Equime practice does not egzist in the form that is recognisable in developed Europwan countries. There are les than 20 000 horses In Serbia. More than half of that number are sport or recreative horses. We have 15-20 veterinarians who maily work with horses. We don’t have equine clinics or hospitals and all work is done at the field. Developing the first equme surgry theater and facilities for hospitalization of horses is still In progres. The number of horsis is growing gradualy and the quolity of the sport horses is gettinf better so I a expecting some improvement in equne medicine too.
I am opimistic
5. Tell us the most interesting(funny) vet story in your pracitice?
I will tell you the most embarasing story from my life which is now watching from the time distance one of the funniest I had in my life.
I have just graduated from vet university and I was already working a bit as a vet in my neighborhood.
I was in my village where my grandparents were living. I kept my horse there among some sheep that my grand parens had.
I got a phone call from some one that had a dog, a sar pei. Not any one could aford an sar pei in that time. They were some posh people and probably wealthy ones.
It was May, but a bit rainy so I was wearing a rubber boots and a short trouses and a T shirt, working something arround the garden and just thinking of having change to meet my new clients.
My father just came to me and said-
Ivan, it looks it is going to rain again,could you go to the field and bring the sheep back before the rain starts? Just watch the big ram, he started to atack and kik people!
Aaghh… I am expecting someone… but I went to bring the sheep, it won’t last long.
When I open the gate the big ram had atack me imediately, I manage to escape once and jump ower the fence. It was a big ram ower 120kg. He was looking at me and threatening . Next time when he atack I manage to escape again and grabe him arround the neck while he was in the corner of the fence.
I was holding the ram arround the neck but still didn’t solve the problem. I had to go at least 200m with sheep on a country road and if I let him go he will atack again and I will not be able to escape .
I grabed the wool on his neck and jump on his back, he turn in a full galop imediately. The next moment about 20 sheep with lambs were galoping along the country road toward the house and I was behind them riding the ram in a western style .
I was just thinking how clever I was when I sow a big black merceses in front of my house gate. It was too late to jump from he ram and I could not stop him.
The sheep pass through the gate and I was approaching in galop when smartly dressed gentlemen went out from the mercedes. I just rich the ground with my legs and it was eough for the ram to feel the freadom and run away. I stayed in front of my new client and he just steared at my boots and short trouses and asked-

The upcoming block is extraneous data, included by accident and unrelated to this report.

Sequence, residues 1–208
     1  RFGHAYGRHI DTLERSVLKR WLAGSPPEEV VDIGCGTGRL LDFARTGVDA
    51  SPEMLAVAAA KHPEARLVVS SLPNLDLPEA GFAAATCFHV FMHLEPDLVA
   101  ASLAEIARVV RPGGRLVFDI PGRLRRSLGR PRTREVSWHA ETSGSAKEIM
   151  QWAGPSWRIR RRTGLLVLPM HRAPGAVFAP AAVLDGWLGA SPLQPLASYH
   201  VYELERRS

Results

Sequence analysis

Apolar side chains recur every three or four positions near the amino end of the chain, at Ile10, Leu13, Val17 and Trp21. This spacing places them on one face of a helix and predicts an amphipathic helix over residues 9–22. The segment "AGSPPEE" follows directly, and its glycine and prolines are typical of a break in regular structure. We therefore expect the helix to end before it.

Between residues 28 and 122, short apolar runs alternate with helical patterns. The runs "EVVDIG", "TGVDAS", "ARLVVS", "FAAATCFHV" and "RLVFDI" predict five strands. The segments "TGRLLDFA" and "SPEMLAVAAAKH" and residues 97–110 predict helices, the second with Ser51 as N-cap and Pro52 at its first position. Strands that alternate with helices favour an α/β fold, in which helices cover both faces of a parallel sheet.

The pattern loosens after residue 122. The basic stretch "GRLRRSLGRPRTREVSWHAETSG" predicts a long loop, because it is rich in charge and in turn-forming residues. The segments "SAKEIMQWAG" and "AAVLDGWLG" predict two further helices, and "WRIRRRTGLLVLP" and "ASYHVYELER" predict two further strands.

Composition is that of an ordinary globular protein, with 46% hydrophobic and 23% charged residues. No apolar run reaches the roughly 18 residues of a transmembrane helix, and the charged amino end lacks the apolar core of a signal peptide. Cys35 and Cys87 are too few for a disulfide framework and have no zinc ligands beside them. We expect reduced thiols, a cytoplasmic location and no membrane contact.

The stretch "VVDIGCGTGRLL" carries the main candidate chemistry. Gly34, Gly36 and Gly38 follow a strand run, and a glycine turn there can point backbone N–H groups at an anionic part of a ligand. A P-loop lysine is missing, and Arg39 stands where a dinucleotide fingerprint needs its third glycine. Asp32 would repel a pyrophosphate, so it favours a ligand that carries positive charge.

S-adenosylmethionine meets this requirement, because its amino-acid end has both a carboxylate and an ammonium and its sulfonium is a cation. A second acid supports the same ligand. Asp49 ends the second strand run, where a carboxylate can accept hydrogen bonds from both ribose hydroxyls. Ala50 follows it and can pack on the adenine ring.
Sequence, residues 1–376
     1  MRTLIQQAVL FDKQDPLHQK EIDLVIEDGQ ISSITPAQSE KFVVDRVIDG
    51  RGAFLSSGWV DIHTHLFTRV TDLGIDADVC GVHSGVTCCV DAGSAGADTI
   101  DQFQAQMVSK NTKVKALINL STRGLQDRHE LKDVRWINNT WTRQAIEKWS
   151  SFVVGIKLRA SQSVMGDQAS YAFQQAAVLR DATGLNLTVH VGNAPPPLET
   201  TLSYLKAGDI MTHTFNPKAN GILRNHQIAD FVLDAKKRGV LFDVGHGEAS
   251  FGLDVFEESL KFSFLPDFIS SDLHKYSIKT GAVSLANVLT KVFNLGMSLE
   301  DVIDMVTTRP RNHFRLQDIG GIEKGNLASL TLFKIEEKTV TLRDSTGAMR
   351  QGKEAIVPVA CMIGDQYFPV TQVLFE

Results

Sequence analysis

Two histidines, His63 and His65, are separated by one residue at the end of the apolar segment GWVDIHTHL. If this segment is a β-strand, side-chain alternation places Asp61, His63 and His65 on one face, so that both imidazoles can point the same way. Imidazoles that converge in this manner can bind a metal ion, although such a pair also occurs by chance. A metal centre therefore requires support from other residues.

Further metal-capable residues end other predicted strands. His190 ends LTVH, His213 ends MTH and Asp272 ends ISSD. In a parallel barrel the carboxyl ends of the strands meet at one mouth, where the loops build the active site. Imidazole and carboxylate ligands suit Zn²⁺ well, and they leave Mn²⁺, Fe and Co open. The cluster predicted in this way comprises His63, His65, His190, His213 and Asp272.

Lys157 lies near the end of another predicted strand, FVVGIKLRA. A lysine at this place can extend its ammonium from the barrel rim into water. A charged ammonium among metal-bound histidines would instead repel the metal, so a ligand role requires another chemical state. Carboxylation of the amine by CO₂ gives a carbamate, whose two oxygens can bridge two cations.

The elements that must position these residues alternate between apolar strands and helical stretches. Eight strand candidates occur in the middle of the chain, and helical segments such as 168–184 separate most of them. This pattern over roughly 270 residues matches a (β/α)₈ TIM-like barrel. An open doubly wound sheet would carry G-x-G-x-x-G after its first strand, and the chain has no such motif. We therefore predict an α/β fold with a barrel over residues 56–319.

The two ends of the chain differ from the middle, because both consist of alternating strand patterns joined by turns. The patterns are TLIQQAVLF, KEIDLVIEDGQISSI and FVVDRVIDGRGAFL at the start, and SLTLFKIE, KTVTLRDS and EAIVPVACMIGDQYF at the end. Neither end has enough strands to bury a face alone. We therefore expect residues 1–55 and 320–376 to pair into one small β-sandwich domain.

Would you be so kind to show me where doctor Ivan Rakic lives?
6. What do you think about Vets on the Balkans?
I think most of our colleagues still believe that the world outside the Balcan peninsula is eldorado for the veterinarians.
I am working in Iceland at the moment. I am spending here two months every year, even I can stay and work here permanently.
There are too many vets in most of the West European countries. Just in Italy there are 18 veterinary universities. In UK 7 vet universities. It is more and more difficult to get a job as a veterinary surgeon in Europe. Sallaries are smaller than they use to be 10 years ago.
I Know some vets who are earning more in Serba than some vets in Germany or UK. But for the average vet is still difficult to find a well paid job in Serbia. People has to understand that university diploma is not enough. You need skills, specialisation in some field of vet medicine. We have very few real specialists in Serbia. I would advice young vets to go to England or Germany, Belgium to do internalship or specialise in some field and come back to their countries. Now a days you can’t imagine being a vet withouth speaking at least one foreign language. You need English language in every segment of your life. If you want to learn more – you have to go to some countries with higher standards in veterinary medicine and spend some time there . The goal for me is to bring that knowledge back to your home country. Veterinary Universities should be the first to folow that strategy.
I feel very happy and proud when I see colleagues from Bulgaria , Romania, Croatia, Greece , Macedonia, Bosnia at one veterinary simposium. Small animal vets are always better organised than others. It would be good idea to organize international meetings in equine medicine or large animal medicine. Hungaria is probably the leader in the region if we are talking about equine medicine. They should organize CPD s for equne vets. I am sure meny vets from the region would like that.